Why did I compare “Cloud” to “SOA”?

Color me busted. Don’t I look good?

Right after publishing “Is the Cloud Getting ‘Clouded’” I got a ton (well; a lot for me) of email questioning my analogy of “overloaded terms” as comparing SOA to the Cloud.

Some on the mails were from CTO-types and techies of companies with whom I am working (thanks for reading! Click on my ads and buy a lot of something!!).

To avoid giving my opinion multiple times in emails, I’ll state it here. To those of you who emailed me: expect this link when I respond. Please note: this is not by way of defense, but rather of discussion .. I stand ready to receive all flames and pragmatic corrections to my words. With more brains and opinions, we are smarter overall.

First: I am not comparing “SOA” to “Cloud”. Some infrastructure and integration bits aren’t too far off though, a number of parallel technologies and methodologies exist:

  • Remote (from your application perspective) processes and data.
  • Calls made via Web service to gain access to the remote processes and data.
  • Services that expose processes and data on the remote system.
  • Return values from the web service calls.

Your application makes the calls and then acts on the return values to continue the work you need to accomplish .. but that really wasn’t my point.

By way of background, I published “Services Orientation – The Architecture Formerly Known As SOA – Introduction” a few years ago. In this post, I made the statement that I felt the term “SOA” was misused as a noun. I feel SOA to be a paradigm or a methodology, rather than the modified noun usage, e.g., “Our enterprise sports a ‘services-oriented architecture’”.

Yeah: let the grammar police arrest me for nuance. I will smile and nod.

In the same way, the purposes of the “Clouded” post was to point out my feelings that “Cloud” is being misused, although not quite in the same way: Cloud has become the “catch-all” phrase for services in the sky, however, at the 100,000-foot level:

The same “Cloud” (services and storage in the sky via the Internet), but different implementations, requiring different development architectures. However, similar web service access methodologies between the three. Clear as mud? Write me and I’ll connect you to the right folks on our side.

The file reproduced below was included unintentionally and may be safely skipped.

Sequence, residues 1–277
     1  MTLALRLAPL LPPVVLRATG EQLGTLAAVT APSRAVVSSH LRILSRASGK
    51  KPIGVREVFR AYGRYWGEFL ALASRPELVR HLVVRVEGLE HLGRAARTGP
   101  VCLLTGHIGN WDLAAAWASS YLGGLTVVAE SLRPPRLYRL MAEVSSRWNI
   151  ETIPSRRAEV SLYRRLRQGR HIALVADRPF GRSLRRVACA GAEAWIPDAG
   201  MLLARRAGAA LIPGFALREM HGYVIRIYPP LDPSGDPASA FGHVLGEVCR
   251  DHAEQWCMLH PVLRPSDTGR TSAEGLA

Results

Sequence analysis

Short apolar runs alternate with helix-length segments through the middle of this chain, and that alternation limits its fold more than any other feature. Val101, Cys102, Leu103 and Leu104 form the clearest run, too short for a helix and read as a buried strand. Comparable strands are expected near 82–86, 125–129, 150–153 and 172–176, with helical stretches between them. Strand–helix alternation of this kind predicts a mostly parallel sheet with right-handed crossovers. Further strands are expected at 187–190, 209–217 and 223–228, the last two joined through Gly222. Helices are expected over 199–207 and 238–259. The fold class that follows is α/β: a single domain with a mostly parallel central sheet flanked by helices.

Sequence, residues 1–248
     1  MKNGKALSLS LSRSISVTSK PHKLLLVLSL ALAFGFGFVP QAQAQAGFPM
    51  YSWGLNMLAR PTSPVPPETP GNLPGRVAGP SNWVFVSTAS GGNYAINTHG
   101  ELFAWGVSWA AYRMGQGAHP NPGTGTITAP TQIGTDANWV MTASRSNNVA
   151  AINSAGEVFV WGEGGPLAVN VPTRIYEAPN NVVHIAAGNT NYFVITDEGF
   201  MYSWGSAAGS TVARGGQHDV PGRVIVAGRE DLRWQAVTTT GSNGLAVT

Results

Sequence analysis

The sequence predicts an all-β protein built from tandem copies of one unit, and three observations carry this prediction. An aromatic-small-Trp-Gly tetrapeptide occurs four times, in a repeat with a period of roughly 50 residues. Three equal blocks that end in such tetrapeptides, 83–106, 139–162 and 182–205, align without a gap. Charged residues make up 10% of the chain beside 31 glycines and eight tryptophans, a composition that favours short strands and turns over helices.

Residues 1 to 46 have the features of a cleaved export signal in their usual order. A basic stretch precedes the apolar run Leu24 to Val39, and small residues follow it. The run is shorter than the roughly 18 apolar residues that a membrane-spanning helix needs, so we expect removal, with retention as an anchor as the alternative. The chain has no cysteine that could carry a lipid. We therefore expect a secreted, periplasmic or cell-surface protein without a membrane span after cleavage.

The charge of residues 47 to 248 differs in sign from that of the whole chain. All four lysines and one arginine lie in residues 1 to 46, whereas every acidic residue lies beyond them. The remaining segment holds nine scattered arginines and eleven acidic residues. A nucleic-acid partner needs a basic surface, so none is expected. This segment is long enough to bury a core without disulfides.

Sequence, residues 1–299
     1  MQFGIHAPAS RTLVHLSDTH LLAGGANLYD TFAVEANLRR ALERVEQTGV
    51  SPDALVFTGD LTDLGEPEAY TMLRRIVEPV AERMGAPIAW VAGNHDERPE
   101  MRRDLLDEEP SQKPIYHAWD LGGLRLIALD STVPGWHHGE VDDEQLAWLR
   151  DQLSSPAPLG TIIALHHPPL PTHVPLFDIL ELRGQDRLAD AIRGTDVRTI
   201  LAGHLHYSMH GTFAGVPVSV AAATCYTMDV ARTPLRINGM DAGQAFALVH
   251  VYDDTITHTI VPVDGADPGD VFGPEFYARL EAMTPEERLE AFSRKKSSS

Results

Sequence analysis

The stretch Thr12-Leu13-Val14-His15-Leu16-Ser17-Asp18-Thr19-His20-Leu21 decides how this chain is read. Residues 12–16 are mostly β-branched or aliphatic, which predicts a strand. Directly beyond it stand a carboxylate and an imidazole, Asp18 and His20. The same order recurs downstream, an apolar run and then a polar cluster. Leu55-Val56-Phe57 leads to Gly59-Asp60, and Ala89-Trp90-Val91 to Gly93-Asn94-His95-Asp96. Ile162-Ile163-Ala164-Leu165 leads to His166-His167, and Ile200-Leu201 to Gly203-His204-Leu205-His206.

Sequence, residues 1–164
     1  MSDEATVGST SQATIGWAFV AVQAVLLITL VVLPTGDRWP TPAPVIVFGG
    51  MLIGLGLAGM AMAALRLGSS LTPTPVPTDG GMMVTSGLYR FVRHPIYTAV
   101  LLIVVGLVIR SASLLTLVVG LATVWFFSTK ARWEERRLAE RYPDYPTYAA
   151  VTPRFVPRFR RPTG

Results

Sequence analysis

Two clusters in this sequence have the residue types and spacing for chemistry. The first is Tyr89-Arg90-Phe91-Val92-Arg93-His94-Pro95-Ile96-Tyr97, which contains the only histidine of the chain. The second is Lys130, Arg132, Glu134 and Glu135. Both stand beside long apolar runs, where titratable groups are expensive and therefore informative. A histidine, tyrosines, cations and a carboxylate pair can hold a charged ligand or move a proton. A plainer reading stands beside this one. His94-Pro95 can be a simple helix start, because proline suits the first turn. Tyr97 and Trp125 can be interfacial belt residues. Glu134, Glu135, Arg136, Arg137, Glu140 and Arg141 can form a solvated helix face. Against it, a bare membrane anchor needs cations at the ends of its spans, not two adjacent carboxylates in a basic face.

P.S.: On SOA, why just an “Introduction”, you might ask. You might also ask “where’s the rest of the posts”? To be frank: I got busy. By the time I got back to that series, many of the questions I raised were being answered by myself and by others. It is totally my fault for not connecting the bits together. Write me, and I’ll send you links that help, or take a call with you to help sort it.

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About Michael Coates
I am a pragmatic evangelist. The products, services and solutions I write about fulfill real-world expectations and use cases. I stay up-to-date on real products I use and review, and share my thoughts here. I apply the same lens when designing an architecture, product or when writing papers. I am always looking for ways that technology can create or enhance a business opportunity .. not just technology for technology's sake. My CV says: Seasoned technology executive, leveraging years of experience with enterprise and integration architectural patterns, executed with healthy doses of business acumen and pragmatism. That's me. My web site says: Technology innovations provide a myriad of opportunities for businesses. That said, having the "latest and greatest" for its own sake isn't always a recipe for success. Business successes gained through exploiting innovation relies on analysis of how the new features will enhance your business followed by effective implementation. Goals vary far and wide: streamlining operations, improving customer experience, extending brand, and many more. In all cases, you must identify and collect the metrics you can apply to measure your success. Analysis must be holistic and balanced: business and operational needs must be considered when capitalizing on a new technology asset or opportunity.

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